Entering a meth lab means stepping into a toxic waste dump. The witches’ brew used to cook meth can include battery acid, rat poison, paint thinner, drain cleaner, brake fluid—the list goes on and on, and involves some of the most toxic and volatile chemicals imaginable. Clandestine labs began popping up in Utah in the late 70s; by the mid 90s, Utah agents were raiding more than 300 labs a year—makeshift operations in kitchens, basements, bathrooms, hotel rooms, rental trucks and even car trunks.

Initially, they weren’t aware of the need for gear to protect against chemical exposures, nor could they imagine going into battle with face masks and oxygen tanks that would prohibit their ability to see and react quickly. Over time, they began to experience a cluster of health problems, in much higher concentrations than in the general population: severe acid reflux and intestinal problems, chronic migraines, insomnia, joint pain and muscle tremors, among other complaints.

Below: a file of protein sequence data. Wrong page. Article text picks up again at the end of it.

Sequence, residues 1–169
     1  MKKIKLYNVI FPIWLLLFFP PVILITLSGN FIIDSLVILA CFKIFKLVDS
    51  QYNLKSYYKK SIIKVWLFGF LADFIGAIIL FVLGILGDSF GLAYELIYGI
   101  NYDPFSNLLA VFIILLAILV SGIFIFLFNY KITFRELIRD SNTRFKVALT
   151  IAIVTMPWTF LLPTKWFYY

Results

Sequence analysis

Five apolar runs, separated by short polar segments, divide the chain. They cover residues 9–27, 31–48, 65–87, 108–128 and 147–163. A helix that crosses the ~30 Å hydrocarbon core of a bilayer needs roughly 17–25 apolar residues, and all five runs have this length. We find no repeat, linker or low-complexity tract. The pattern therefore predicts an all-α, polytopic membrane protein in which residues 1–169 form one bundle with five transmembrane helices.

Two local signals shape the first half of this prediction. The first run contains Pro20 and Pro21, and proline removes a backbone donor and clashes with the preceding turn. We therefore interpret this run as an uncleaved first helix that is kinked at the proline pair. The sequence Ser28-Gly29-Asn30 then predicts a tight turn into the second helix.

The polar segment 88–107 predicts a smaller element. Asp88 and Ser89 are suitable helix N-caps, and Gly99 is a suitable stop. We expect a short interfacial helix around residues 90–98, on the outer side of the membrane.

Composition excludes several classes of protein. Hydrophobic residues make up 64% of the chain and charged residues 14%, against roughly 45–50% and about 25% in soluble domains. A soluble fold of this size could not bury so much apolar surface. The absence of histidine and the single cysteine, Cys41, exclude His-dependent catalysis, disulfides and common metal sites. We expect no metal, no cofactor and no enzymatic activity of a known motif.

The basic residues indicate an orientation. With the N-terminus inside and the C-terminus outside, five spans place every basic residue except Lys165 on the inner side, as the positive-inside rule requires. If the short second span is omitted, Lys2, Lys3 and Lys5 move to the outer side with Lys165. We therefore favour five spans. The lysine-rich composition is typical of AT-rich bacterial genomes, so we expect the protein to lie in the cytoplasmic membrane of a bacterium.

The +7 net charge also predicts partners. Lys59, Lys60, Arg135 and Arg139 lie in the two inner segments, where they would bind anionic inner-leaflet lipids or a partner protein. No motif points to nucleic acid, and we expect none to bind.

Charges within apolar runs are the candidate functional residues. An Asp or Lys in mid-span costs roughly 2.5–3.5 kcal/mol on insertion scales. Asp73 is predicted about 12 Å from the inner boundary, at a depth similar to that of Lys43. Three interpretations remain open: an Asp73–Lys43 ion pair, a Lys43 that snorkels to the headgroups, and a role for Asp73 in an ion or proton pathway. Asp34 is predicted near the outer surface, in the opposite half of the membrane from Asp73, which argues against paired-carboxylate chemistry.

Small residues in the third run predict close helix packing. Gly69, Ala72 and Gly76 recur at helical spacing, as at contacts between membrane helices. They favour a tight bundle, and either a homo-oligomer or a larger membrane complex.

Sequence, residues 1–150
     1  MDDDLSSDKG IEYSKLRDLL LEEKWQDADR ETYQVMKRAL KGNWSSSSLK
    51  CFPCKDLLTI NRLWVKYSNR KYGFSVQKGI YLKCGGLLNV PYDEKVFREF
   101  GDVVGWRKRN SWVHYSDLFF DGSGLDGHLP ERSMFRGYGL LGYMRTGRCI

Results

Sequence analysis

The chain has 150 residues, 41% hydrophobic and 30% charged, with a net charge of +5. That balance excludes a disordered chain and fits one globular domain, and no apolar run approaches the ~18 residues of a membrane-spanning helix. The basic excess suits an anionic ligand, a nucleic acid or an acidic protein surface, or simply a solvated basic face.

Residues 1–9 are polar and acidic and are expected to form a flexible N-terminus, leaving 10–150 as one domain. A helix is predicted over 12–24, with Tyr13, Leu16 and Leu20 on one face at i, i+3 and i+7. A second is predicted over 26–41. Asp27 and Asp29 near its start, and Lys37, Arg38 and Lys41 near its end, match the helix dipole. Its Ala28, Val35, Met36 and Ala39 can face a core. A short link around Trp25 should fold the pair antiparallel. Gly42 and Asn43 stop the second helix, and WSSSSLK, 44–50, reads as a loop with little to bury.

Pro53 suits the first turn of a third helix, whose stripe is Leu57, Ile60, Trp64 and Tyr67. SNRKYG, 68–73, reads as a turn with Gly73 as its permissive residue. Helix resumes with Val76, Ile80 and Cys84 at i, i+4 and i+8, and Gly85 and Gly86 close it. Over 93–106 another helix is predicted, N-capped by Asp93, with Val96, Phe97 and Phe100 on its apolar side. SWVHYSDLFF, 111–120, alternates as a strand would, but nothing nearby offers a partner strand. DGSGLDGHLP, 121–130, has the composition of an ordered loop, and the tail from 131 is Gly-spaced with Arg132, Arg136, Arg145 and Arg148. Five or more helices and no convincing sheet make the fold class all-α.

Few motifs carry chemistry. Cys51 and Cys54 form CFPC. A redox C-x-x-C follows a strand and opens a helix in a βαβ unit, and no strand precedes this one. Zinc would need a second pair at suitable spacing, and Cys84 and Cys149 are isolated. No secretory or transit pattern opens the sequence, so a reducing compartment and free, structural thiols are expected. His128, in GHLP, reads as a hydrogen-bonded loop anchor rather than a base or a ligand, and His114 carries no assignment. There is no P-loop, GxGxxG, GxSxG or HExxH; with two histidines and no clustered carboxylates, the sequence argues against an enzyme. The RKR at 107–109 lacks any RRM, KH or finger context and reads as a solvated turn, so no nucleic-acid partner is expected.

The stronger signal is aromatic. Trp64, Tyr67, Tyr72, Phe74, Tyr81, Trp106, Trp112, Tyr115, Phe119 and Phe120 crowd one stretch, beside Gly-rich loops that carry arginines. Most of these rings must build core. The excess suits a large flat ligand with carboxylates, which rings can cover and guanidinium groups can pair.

In an effort to address this problem. the Utah Meth Cops Project was established through a joint effort between Utah legislators, police chiefs, sheriffs, police officers’ organizations and other partners.

Once delivery began, the impact was dramatic. Men who had complained of chronic fatigue were waking up in the morning full of vigor. Men who had trembled with the slightest physical exertion stopped shaking no matter how active they became. Joint pains, migraines, inability to concentrate, stomach problems were gone.

The project assisted nearly 100 officers on a humanitarian basis, at no cost, and concluded its operation when all those who desired help had been served. The supervising physician published a paper regarding the benefits of the program in the journal Toxicology and Industrial Health.